The phrase “The Lord spoke” appears nearly 100 times in the book of Numbers alone. We see it the first time in the first verse, “The Lord spoke to Moses in the wilderness of Sinai, in the tent of meeting, on the first day of the second month, in the second year after they had come out of the land of Egypt.” God spoke to Moses in the wilderness of Sinai. He was instructing Moses on the next phase of their journey to the promised land. They never made it to the land in the book of Numbers, and it’s no wonder that in Hebrew, the book of Numbers is “Bemidbar.” This means “in the wilderness.” But some Hebrew manuscripts say its name is “wayeḏabbēr  meaning “Yahweh spoke.” Allen says, “From the opening words of the book (1:1) to the closing words (36:13), this is stated over 150 times and in more than twenty ways.”[1]

Moses was the spokesman for God. God’s custom was to call Moses to the “tent of meeting” to speak to him. God seems to have spoken to Moses in several ways beginning with the burning bush but regardless of when and how Moses was God’s spokesperson. Cole says, “Theologians have probed this enigma for millennia, giving rise to varied theories of inspiration. However, this communication was accomplished, whether by audible human speech form, mental and spiritual impression and compulsion, or by intellectual impregnation of ideas, the prophet Moses became the instrument for divine illumination of humankind of the will and word of God.”[2] Well, it sounds like the audible speech Moses received from God passed on in legible texts in the scriptures. The tent of meeting was the most critical part of the Israelite’s worship experience because it was from there that they heard an infallible word from God. When God spoke in Genesis, things happened. When God spoke to Moses, things happened.

But God doesn’t speak to us from a tent anymore, a temple, or any object that might have been housed in the tent or temple. According to John, God’s tabernacle is Jesus Christ! “In the beginning was the word (speech), and the word was with God, and the word was God.” This “word” was made flesh, and in John 1:14, it’s said to “tabernacle” with us. He dwelt with us. Hebrews also reminds us that in various times God spoke to us in many different ways. One of those ways was through the tent of meeting by the mouth of the prophet Moses. But today, He speaks to us in His Son. Once established by Moses, only priests could enter the tent, and only the High Priest could enter the most sacred compartment to bring the blood sacrifice for the people’s sins. But in Hebrews 9:11-12, Jesus has accomplished that for us once and for all. It says, “But when Christ appeared as a high priest of the good things that have come, then through the greater and more perfect tent (not made with hands, that is, not of this creation) he entered once for all into the holy places, not by means of the blood of goats and calves but by means of his own blood, thus securing an eternal redemption.”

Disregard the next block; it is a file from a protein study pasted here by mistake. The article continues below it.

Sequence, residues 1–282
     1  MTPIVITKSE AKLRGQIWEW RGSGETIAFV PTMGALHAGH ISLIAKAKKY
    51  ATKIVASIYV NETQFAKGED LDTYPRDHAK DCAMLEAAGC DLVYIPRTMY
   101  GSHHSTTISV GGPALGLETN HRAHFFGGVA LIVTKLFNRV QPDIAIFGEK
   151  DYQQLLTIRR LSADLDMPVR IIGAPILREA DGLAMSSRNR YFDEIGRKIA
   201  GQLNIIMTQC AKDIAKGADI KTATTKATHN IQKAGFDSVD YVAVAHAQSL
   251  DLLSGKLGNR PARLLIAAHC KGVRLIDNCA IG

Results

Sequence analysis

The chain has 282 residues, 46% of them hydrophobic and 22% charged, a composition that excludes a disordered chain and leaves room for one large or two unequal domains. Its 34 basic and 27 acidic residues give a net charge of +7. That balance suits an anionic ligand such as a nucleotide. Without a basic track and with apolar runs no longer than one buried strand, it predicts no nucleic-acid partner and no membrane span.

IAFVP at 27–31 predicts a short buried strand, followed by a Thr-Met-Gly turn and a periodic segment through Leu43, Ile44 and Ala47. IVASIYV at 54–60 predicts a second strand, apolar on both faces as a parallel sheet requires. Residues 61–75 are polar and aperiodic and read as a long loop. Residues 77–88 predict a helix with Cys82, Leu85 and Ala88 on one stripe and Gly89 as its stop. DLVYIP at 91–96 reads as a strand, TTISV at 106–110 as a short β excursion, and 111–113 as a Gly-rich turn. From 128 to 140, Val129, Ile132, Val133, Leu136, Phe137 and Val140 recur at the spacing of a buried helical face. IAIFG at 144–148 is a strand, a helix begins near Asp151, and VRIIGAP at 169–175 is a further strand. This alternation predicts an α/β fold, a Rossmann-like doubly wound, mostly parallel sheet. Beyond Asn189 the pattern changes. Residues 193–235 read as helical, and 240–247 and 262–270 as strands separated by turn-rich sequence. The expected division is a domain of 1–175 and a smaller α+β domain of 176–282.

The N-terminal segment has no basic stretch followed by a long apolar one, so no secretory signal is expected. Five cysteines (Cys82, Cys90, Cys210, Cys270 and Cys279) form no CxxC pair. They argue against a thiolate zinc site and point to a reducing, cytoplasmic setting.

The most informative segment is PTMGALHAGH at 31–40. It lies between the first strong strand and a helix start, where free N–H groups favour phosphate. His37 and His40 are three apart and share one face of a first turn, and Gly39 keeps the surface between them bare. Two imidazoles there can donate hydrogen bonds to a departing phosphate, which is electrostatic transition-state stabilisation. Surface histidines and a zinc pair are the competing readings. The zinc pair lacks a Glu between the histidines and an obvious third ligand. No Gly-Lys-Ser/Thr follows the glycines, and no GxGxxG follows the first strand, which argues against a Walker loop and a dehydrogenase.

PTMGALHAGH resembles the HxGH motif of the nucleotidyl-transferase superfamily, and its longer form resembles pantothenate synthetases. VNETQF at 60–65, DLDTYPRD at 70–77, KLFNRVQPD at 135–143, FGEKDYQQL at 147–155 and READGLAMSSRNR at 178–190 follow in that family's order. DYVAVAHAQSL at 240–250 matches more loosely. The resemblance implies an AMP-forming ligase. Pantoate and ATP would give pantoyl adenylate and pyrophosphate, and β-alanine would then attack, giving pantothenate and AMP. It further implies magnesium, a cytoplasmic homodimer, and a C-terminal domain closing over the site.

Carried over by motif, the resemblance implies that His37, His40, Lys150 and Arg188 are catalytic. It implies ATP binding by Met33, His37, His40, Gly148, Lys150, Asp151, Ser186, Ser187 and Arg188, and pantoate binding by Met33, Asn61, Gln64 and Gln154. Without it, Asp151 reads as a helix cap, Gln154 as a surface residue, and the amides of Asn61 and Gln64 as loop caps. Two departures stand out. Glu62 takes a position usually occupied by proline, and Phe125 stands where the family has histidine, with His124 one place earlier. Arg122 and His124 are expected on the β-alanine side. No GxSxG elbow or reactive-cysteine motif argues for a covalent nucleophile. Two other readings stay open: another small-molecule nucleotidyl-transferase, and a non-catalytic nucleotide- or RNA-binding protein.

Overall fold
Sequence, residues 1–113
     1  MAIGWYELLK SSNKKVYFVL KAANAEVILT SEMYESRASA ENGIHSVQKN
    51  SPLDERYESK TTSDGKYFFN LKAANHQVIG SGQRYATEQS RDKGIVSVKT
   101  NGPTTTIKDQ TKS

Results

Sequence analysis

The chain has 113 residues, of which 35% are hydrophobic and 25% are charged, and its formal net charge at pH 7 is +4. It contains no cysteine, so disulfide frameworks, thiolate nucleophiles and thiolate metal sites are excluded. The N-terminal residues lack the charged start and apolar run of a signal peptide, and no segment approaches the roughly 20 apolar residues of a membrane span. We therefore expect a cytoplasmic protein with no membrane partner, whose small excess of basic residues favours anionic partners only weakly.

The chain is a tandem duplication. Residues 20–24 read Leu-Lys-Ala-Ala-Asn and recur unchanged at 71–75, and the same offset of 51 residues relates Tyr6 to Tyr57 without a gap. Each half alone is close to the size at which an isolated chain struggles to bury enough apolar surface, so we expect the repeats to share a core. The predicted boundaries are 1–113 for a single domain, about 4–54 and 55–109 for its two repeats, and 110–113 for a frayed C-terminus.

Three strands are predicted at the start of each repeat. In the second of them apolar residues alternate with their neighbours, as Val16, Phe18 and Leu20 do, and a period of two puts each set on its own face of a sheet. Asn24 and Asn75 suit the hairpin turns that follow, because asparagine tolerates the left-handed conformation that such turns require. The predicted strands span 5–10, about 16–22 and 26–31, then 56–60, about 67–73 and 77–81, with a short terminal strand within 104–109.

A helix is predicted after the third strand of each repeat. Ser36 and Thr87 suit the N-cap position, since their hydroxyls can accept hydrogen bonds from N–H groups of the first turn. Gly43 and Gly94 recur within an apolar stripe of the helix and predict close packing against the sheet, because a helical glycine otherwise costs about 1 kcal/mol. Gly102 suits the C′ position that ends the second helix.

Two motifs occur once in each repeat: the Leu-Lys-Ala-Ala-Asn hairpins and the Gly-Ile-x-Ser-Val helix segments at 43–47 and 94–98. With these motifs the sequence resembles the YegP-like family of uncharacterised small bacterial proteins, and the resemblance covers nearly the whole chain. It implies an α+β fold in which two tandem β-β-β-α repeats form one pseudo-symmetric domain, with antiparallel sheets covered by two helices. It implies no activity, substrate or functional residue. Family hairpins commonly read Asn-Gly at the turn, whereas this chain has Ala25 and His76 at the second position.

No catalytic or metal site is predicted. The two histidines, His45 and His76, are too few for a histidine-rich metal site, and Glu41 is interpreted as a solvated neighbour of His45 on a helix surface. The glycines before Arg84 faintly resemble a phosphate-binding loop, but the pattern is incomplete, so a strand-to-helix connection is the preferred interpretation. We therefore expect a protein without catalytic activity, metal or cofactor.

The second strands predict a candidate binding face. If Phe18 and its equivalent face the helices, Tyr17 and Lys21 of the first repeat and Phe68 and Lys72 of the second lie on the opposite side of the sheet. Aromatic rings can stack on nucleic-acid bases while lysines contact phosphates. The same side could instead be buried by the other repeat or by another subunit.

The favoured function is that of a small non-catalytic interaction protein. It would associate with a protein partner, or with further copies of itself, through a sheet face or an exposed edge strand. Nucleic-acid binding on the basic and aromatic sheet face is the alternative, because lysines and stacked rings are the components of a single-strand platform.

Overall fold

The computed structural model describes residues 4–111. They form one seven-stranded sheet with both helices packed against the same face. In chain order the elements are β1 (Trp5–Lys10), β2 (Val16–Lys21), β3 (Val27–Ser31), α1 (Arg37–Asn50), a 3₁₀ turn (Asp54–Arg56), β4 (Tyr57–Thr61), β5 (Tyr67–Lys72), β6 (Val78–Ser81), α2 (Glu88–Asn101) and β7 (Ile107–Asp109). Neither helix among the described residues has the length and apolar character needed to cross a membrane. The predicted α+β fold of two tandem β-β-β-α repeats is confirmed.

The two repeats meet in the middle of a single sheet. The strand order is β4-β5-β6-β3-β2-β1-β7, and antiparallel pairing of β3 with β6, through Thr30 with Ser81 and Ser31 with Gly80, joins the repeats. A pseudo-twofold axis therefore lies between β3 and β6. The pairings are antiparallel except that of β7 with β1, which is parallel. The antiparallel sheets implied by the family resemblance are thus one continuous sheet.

[1] Allen, Ronald B. 1990. “Numbers.” In The Expositor’s Bible Commentary: Genesis, Exodus, Leviticus, Numbers, edited by Frank E. Gaebelein, 2:701–2. Grand Rapids, MI: Zondervan Publishing House.

[2] Cole, R. Dennis. 2000. Numbers. Vol. 3B. The New American Commentary. Nashville: Broadman & Holman Publishers.